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  1. #1
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    Masters of Fine Arts degree?! (MFA)

    After you received your Bachelors of Fine Arts degree (BFA), who has gone back to art school and received their Masters of Fine Arts degree?

    'Cuz my mom wants me to go for a Masters of Fine Arts after I get my BFA but I keep telling her that in the "art world," clients DO NOT go by what degree you have but by the quality of your work! This ain't engineering or law!! haha

    I need some backup from you guys.
    So it is true that degrees don't matter in getting good gigs?
    And is a MFA worth it? Do you need one to teach at an art school?!
    AHH!!

    Thanks


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  3. #2
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    Hey Den, I think that if you have opportunity to get you MA you should take it. I am just finishing up my Bach of New Media from www.eciad.ca and they are just finishing up the program for the Masters which I will be taking the following year.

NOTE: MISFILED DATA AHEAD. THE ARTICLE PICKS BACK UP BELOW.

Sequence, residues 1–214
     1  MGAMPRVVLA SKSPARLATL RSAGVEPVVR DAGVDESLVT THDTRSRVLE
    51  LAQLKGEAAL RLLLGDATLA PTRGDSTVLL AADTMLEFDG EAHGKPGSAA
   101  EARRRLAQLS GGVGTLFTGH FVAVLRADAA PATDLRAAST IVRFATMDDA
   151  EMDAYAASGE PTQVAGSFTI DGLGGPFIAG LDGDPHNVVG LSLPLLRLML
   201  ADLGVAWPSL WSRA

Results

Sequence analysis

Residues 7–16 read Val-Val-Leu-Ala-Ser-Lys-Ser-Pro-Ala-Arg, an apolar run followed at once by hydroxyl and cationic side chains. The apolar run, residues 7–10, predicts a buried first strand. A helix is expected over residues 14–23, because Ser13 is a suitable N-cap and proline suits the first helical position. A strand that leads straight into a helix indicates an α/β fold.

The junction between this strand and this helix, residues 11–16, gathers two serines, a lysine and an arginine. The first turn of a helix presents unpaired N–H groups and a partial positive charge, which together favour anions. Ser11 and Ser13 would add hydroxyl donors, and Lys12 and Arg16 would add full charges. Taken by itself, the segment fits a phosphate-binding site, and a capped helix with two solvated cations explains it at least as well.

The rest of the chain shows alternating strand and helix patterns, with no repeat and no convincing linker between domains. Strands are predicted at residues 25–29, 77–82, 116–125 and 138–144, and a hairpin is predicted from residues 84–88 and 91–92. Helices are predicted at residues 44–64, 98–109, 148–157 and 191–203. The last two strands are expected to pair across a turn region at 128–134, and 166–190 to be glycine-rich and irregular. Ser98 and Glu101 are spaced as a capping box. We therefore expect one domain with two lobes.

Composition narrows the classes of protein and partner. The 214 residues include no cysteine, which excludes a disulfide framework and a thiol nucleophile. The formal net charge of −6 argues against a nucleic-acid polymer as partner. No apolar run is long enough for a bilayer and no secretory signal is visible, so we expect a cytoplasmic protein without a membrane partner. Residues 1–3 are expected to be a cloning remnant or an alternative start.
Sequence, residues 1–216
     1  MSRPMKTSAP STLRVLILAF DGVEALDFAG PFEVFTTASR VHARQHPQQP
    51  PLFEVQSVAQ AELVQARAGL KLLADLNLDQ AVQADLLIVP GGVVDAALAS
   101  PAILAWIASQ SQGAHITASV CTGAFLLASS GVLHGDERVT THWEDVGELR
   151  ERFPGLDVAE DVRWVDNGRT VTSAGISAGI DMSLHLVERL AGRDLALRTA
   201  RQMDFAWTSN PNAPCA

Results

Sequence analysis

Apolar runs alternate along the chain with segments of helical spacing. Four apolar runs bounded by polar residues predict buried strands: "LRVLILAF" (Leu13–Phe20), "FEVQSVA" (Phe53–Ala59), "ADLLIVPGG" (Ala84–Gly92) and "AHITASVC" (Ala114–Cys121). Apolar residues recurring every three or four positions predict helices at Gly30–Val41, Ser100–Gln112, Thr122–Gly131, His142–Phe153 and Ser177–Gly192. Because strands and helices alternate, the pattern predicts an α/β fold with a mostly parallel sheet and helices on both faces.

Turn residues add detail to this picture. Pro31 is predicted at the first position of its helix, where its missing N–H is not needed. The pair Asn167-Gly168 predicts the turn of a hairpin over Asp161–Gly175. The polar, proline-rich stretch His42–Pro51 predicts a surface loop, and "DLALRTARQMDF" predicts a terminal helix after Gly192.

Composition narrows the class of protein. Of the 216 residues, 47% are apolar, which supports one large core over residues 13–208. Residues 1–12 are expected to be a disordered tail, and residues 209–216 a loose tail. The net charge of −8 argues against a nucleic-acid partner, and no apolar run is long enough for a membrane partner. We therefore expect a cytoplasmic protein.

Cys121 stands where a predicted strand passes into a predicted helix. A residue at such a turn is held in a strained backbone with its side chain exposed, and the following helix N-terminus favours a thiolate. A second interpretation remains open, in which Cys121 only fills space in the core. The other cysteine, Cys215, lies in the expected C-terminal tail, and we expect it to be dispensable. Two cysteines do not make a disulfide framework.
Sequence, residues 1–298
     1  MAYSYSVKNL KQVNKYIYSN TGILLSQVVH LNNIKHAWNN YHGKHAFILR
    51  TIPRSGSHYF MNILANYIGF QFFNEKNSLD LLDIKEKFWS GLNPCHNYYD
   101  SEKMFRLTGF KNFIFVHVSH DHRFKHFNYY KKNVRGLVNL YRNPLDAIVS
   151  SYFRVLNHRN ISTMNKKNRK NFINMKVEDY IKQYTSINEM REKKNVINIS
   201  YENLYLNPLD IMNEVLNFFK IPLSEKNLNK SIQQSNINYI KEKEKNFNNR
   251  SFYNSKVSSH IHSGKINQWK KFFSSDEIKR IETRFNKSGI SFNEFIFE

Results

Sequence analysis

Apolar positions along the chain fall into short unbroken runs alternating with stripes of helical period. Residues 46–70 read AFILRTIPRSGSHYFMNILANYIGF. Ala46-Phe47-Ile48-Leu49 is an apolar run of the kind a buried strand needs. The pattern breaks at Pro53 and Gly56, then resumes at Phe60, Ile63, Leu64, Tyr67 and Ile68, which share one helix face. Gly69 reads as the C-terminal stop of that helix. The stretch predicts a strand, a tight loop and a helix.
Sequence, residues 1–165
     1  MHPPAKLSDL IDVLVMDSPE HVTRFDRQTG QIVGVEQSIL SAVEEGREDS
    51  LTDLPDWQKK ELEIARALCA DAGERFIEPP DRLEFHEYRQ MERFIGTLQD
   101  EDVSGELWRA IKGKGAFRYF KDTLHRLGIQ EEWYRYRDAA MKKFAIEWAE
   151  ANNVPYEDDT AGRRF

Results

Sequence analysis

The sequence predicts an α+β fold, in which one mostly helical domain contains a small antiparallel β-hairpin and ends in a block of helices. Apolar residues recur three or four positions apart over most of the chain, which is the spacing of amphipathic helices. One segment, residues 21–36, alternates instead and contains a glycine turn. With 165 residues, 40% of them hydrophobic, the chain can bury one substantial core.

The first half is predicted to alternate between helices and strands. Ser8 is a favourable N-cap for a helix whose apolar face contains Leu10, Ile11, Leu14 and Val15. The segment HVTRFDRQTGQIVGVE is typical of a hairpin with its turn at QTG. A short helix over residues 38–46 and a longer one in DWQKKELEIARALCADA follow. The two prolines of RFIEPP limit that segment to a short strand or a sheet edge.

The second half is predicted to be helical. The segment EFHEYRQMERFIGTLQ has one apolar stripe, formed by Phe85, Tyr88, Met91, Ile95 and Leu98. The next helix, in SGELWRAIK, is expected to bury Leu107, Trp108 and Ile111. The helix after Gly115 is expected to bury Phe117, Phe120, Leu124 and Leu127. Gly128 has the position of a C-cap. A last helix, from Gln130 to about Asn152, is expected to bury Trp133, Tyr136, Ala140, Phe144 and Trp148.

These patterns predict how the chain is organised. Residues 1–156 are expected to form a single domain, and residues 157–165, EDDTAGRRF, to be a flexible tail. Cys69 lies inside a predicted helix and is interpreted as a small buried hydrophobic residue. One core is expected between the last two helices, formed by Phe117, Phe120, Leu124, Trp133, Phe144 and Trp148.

I know we are not in engineering etc but educational credentials in any walk of life will bring you more. Entering into your field may not bring these on an immediate basis but over time I think you will see stronger considerations for positions you are applying for as well as the time spent in the program may take you in new directions which may not have called to you otherwise. In my opinion it is a complete win win.

    And I am quite sure (In Canada anyway) you do need an MFA to teach at a university level.

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  4. #3
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    NO ONE CARES if you have a masters, or any degree for that matter. Get your ba of bfa to make your parents happy (especially if they're paying for it), but the value of an art education is in the education, not the piece of paper. And it's at least four years off anyway, so don't stress about it now.


    Tristan Elwell
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  5. #4
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    Quote Originally Posted by Presence
    And I am quite sure (In Canada anyway) you do need an MFA to teach at a university level.
    Most MFA programs are pyramid schemes run for the benefit of university art programs.


    Tristan Elwell
    **Finished Work Thread **Process Thread **Edges Tutorial

    Crash Course for Artists, Illustrators, and Cartoonists, NYC, the 2013 Edition!

    "Work is more fun than fun."
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    "Art is supposed to punch you in the brain, and it's supposed to stay punched."